The opening poem lays out the essential fact -- no human being can greatly affect the earth. Human lives are short, compared with the earth's history. And nobody can leave a permanent mark on that history -- eventually the winds and waves of time smooth out everything. (Consider an old gravestone -- usually it is difficult to read because the wind has gradually smoothed the letters, whether they were etched or raised.)
In light of this, Qoheleth wonders what should be the purpose of life, seeing how no human achievement can last forever. He considers some possibilities -- to pursue wealth, power, wisdom, justice -- but finds them all problematic. None can be perfectly achieved; none can prevent death.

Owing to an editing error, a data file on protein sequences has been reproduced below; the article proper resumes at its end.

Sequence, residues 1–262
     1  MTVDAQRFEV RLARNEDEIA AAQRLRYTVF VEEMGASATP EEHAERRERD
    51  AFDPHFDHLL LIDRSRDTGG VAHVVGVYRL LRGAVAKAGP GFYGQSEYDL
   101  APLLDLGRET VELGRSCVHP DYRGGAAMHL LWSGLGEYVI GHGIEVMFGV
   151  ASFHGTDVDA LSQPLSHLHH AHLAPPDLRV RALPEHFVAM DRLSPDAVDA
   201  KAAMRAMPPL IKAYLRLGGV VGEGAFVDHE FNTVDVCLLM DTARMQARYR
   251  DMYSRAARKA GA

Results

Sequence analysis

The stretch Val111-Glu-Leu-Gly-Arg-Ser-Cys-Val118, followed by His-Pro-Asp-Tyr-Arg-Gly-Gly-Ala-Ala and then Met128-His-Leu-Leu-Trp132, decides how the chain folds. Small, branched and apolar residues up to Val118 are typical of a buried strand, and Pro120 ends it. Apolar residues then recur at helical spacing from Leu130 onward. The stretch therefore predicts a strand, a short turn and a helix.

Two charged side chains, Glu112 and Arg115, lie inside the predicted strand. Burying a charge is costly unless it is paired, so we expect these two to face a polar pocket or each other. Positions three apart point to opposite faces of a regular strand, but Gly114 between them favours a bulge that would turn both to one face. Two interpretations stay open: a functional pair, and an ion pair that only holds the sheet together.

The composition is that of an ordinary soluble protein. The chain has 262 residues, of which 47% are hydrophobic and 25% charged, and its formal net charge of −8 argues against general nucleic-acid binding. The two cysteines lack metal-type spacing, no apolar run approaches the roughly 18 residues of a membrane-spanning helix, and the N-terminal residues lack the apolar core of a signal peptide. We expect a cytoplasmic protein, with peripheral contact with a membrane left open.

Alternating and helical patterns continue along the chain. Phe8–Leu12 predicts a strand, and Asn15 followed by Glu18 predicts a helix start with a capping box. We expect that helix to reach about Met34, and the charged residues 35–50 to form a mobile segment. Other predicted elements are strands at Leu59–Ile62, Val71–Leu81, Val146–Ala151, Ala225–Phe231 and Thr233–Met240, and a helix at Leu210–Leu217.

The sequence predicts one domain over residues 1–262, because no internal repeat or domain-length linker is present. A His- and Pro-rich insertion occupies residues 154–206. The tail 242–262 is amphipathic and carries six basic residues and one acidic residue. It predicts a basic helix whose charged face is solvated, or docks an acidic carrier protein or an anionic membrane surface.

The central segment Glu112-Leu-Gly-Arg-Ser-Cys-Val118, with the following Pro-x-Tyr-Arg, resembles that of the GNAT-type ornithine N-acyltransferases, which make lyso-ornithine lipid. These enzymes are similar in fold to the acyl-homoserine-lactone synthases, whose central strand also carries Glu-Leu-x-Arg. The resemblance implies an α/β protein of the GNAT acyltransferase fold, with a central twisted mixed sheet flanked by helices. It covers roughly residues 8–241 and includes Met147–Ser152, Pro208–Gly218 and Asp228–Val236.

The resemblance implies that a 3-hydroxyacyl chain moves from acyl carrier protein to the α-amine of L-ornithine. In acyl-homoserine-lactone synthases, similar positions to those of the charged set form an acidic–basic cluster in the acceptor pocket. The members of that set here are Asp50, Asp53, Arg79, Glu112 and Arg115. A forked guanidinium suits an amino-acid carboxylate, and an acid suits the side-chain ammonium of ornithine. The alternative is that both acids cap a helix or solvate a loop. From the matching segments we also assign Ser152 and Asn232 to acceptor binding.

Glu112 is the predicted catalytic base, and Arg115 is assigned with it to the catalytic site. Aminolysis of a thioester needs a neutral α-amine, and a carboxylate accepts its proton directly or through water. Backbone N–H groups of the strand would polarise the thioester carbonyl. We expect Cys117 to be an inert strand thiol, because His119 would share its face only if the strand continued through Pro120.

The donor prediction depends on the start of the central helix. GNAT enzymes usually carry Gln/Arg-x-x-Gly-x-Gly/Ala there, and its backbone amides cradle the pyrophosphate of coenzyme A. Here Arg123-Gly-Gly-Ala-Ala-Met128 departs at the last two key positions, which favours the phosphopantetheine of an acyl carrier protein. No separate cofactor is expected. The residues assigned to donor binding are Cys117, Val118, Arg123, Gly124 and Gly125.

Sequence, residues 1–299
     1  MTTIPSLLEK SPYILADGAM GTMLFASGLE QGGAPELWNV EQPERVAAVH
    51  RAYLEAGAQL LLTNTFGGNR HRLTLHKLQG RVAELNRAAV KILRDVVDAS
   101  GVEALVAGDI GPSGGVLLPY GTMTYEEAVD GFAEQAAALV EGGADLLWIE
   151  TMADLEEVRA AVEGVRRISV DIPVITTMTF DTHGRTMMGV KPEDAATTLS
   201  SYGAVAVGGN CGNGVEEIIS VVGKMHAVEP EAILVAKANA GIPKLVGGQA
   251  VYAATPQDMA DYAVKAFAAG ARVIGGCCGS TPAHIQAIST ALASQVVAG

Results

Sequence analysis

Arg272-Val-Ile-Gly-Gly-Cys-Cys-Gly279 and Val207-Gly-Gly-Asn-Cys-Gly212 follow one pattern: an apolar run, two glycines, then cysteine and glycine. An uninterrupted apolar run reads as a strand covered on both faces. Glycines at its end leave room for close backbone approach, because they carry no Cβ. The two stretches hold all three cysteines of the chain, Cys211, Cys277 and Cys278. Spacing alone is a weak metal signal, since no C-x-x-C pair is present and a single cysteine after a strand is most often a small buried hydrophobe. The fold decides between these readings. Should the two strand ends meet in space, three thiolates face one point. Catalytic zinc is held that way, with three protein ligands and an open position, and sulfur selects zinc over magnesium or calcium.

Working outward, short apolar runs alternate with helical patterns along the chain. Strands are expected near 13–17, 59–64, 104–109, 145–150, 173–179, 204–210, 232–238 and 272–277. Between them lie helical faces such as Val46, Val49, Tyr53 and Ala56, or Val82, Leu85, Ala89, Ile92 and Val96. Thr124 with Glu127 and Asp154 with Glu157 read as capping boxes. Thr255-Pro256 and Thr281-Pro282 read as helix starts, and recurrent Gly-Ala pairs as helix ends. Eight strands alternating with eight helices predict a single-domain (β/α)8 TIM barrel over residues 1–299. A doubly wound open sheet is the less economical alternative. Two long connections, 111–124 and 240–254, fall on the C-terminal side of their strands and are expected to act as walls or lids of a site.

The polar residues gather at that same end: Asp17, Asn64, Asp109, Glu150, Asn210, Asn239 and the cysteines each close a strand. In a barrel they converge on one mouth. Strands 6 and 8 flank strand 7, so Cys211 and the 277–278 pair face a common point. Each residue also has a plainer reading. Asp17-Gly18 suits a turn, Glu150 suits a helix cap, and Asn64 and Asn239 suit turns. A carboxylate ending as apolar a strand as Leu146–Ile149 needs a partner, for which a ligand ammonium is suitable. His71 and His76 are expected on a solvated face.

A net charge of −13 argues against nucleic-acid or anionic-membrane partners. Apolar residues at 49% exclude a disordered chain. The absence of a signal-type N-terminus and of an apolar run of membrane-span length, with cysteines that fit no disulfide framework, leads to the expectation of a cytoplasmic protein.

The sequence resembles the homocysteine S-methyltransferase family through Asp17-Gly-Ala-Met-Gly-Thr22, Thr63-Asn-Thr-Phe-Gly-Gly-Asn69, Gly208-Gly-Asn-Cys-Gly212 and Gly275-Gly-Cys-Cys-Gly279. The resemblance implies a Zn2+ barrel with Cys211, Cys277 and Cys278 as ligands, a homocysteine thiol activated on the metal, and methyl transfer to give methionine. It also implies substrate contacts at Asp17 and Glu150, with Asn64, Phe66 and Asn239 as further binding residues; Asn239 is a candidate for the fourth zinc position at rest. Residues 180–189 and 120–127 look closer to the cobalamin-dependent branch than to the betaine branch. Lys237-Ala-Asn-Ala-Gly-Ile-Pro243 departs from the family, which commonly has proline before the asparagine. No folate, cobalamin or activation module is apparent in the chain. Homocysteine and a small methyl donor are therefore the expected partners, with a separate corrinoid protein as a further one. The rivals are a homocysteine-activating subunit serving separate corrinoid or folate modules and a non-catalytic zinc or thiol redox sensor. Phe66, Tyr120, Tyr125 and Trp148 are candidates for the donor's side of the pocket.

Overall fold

So, Qoheleth argues that the best humans can do in life is "to eat, drink and find enjoyment in their toil." He expands on this in the best known part of the book, a poem that was set to music in the 1960s: "To everything there is a season." If one can figure out what season it is, one can do and say the right things. This is the best life one can live -- to find joy and fulfillment in one's day-to-day life.
Still, in this meditation, Qoheleth is not afraid to ask tough questions and challenge some conventional wisdom. So Ecclesiastes is a book that can be depressing, confusing, and provocative to the reader. Underneath it, though, is a persistent faith that human life is not meaningless and the human experience is not meant to be one only of suffering -- the faith that is explicitly expressed in Genesis 1 that God created people and called them good.